Iron & Wine Keep the Volume Low But Spirits High

August 3, 2008 11:25 PM ET

Iron & Wine's calm folk-rock demanded peace and quiet, and for the most part, got it from a very polite crowd. Backed by a band that, akin to its leader's razor-repellent facial hair, seems to grow with each passing month, frontman Sam Beam looked freshly aroused from a long nap. The group never detoured from the sleepy pace, relying on wood-block percussion and pedal-steel guitars to patiently trek through the sonic equivalent of the Amazon forest. At first glance, Iron & Wine's lullabies seemed a tailor-made match for playing to parents and children over on the nearby Kidz Stage. But seedy matter lurked underneath the otherwise tranquil exteriors of "House by the Sea" and "The Devil Never Sleeps." And their soothing moods and hammock-sway slowness encouraged a few adult pursuits — joint smoking, beer sipping, tripping — still off limits to the stroller set. Yet the muted aura occasionally dragged, a risk taken by any band traveling in the direction of a more strung-out version of the Grateful Dead.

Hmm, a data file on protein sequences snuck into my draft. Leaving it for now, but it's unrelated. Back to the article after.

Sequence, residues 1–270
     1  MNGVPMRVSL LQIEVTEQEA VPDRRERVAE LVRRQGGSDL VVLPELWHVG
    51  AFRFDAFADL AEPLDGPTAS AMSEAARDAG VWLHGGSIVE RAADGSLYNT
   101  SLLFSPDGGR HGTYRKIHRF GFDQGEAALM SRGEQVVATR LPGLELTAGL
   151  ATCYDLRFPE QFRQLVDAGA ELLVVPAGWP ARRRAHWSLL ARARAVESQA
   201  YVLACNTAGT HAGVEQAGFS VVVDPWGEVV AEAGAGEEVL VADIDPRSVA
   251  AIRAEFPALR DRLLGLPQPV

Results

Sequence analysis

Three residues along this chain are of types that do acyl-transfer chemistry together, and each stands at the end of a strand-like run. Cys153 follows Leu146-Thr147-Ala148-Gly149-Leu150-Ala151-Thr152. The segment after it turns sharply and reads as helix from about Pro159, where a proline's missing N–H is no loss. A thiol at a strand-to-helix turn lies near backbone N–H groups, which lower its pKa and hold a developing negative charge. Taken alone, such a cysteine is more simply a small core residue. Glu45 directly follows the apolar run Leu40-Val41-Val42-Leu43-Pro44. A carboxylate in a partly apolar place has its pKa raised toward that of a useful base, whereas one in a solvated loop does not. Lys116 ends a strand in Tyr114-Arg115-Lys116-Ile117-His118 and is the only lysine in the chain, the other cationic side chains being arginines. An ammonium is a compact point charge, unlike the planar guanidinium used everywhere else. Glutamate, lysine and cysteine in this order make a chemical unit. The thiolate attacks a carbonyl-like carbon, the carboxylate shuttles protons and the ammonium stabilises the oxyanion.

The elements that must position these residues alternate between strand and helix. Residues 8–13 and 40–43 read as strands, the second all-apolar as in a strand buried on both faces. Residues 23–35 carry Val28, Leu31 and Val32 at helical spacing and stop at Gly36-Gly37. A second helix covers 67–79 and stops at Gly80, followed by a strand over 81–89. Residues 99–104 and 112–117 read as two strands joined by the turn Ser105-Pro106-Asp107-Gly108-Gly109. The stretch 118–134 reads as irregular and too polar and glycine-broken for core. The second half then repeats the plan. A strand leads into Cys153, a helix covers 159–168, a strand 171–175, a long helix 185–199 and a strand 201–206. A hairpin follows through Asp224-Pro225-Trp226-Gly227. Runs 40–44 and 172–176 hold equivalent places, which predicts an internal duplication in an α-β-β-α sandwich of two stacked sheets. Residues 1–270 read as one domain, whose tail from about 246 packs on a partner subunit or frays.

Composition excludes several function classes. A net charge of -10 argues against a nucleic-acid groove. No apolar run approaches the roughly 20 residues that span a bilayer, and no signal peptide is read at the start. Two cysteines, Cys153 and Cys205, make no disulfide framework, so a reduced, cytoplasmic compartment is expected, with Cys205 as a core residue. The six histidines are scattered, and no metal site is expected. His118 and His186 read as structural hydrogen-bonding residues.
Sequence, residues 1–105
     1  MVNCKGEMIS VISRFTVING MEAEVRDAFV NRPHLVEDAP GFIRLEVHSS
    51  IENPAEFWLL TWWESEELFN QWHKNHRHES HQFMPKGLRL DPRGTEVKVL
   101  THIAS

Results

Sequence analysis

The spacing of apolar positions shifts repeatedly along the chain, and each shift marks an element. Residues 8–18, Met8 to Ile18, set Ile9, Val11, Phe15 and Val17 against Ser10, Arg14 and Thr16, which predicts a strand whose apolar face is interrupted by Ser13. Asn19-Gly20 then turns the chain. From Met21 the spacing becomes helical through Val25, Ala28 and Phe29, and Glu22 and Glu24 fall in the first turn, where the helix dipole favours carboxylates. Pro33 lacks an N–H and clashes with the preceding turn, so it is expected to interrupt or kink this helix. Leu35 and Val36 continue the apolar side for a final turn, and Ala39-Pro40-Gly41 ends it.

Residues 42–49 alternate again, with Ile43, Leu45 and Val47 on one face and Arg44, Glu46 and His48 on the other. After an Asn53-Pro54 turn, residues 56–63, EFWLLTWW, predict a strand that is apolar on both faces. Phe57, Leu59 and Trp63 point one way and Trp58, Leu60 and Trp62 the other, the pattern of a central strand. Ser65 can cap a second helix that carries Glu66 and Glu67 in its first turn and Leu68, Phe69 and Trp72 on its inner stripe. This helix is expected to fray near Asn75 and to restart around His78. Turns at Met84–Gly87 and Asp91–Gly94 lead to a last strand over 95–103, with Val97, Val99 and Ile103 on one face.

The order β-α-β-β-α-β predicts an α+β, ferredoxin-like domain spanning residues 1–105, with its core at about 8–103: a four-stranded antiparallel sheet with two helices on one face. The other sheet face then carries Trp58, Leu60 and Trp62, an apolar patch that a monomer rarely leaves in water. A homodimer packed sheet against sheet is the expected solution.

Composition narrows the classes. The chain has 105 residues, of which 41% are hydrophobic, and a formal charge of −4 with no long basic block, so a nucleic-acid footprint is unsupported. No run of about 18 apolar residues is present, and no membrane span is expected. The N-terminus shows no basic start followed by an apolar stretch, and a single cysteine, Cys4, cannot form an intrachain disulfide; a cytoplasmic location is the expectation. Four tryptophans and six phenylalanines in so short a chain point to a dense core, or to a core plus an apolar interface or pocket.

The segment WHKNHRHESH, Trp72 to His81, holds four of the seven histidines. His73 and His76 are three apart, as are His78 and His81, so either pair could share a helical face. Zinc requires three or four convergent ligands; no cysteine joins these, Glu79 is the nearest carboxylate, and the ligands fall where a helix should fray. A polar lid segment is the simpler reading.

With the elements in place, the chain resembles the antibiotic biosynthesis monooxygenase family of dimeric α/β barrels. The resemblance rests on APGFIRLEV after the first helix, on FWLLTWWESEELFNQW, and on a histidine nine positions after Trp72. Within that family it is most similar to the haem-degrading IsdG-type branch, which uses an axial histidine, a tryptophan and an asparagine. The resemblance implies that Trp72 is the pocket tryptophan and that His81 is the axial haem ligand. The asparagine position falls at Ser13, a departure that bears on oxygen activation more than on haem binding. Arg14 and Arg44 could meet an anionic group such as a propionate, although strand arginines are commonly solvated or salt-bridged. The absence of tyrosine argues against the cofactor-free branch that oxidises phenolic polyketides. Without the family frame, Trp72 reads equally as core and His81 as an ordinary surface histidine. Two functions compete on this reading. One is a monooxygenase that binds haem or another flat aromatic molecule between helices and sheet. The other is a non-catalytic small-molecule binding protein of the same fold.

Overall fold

More Lollapalooza Coverage: Rock 'N' Roll Diary

To read the new issue of Rolling Stone online, plus the entire RS archive: Click Here

Music Main Next
Around the Web
Powered By ZergNet
Daily Newsletter

Get the latest RS news in your inbox.

Sign up to receive the Rolling Stone newsletter and special offers from RS and its
marketing partners.


We may use your e-mail address to send you the newsletter and offers that may interest you, on behalf of Rolling Stone and its partners. For more information please read our Privacy Policy.

Song Stories

“You Oughta Know”

Alanis Morissette | 1995

This blunt, bitter breakup song -- famous for its line "Would she go down on you in a theater?" -- was long rumored to be about Alanis Morissette getting dumped by Full House actor Dave Coulier. But while she never confirmed it was about him (Coulier himself says it is, however), she insisted the song wasn't all about scorn. "By no means is this record just a sexual, angry record," she told Rolling Stone. "The song wasn't written for the sake of revenge. It was written for the sake of release. I'm actually a pretty rational, calm person."

More Song Stories entries »